Nature Walks Tours in Guatemala
Go on a guided nature walk to learn about the geologic forces at work inside Guatemala’s volcanoes, or the ecology of the surrounding rainforests. The cloud forest here has rare species of flora and fauna, and thrives in the same high-altitude humidity as coffee plants. But Guatemala’s landscape is more than just interesting plants – the jungle here hides the ruins of Maya cities, and the very beginnings of Guatemalan civilization.
Fincal El Pilar’s gardens hum with the tiny, whirring wings of its resident hummingbirds. This farm does not produce agriculture, but rather exists to help conserve some of the rare and endangered species of plants and animals in Antigua.
On the first day of your journey, you’ll start your exploration of the area’s wildlife on a trail through the jungle of the Tikal National Park. Eventually you will come to a clearing, scattered with the stony ruins of Mayan temples and palaces. You have arrived at Tikal, home to one of the most prominent dynasties during the Mayan classic period. OPTIONAL only Professional Bird guide, lunch ,entrance fee to site.
This hike through the tree canopy of the Atitlan Reserve will give you a bird’s eye view of an exciting environment. Atitlan Reserve is shaped by the three volcanoes that surround Lake Atitlan. Pristine Lake Atitlan and the surrounding grounds of the reserve offer more natural beauty than you can capture with a few snapshots. To get the most out of this scenery, get a view from the top.
Río Cahabón offers the best opportunity for whitewater rafting in Guatemala. The river rapids cover a variety of difficulty levels, ranging from class I to IV – all but the most difficult rapids. Much of this 7.5-mile route has class III and IV rapids.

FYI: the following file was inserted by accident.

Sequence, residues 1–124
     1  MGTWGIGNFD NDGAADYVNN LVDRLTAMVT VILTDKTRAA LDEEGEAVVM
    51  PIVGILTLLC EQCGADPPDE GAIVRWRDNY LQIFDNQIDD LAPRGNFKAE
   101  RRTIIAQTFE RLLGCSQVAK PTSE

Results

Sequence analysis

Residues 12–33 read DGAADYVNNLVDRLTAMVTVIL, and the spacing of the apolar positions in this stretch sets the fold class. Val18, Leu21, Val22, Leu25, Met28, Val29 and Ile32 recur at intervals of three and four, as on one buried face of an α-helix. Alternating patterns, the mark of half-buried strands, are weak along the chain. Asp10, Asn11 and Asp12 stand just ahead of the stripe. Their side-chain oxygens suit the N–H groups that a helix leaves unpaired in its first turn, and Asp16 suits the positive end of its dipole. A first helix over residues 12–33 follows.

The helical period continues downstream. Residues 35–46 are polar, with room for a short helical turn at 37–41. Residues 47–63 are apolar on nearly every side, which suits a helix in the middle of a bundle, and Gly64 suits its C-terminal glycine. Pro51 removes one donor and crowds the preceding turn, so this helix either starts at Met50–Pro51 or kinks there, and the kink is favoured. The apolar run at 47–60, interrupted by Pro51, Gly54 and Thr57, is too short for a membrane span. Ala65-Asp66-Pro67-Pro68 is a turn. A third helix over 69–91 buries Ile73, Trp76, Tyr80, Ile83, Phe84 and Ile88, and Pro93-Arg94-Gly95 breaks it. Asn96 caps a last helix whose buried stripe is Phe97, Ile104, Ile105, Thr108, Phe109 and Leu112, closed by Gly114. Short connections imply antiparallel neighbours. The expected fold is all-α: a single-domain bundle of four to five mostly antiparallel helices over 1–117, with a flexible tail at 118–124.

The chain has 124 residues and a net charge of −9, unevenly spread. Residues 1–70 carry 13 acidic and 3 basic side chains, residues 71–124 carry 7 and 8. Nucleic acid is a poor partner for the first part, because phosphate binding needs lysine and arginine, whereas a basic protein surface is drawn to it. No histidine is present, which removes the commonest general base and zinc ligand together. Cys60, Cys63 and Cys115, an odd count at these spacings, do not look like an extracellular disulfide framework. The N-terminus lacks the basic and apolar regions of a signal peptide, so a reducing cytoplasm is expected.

Finca Filadelfia has had the same purpose for several generations – growing and selling high-quality coffee. Here you’ll get to see over a hundred different species of birds that live throughout the 535.5 acres of the reserve.
Cayala ecological park is part of Guatemala City’s metropolitan green belt. Green belts are sometimes referred to as the “lungs” of a city – a sizeable population of trees in an urban area has a demonstrably beneficial effect on air quality.
Make a trip to the Bíotopo del Quetzál to look for quetzals with jewel-toned green plumage. Their feathers were used as currency by the pre-Hispanic Mayans. They dwell in the branches of the aguacatillo trees, which are identifiable by their avocado-shaped fruits.
Just outside of Guatemala City, a 19th-century farm has transformed itself into an ecological safe haven. Finca Santiago functions as an ecotourism site, creating a safe zone for 17 acres of wildlife. Proceeds from tourism go towards the preservation of the surrounding mountain forests.
Cerro Alux covers 13,270 acres just outside of Guatemala City. This ecological reserve is known for its unspoiled tract of pine oak forest, and a clean water supply that helps quench the local population. Cerro Alux is also a federally-maintained Important Bird Area .
Take this tour to see Tikal at one of the busiest times of day — early in the morning. You’ll leave for your tour before the sun comes up, and then watch the jungle wake up from the top of one of the site’s temples. Bring a flashlight so you can see the nocturnal animals when you first arrive in the jungle. This time of day comes with another advantage, as the site has fewer visitors at this time of day.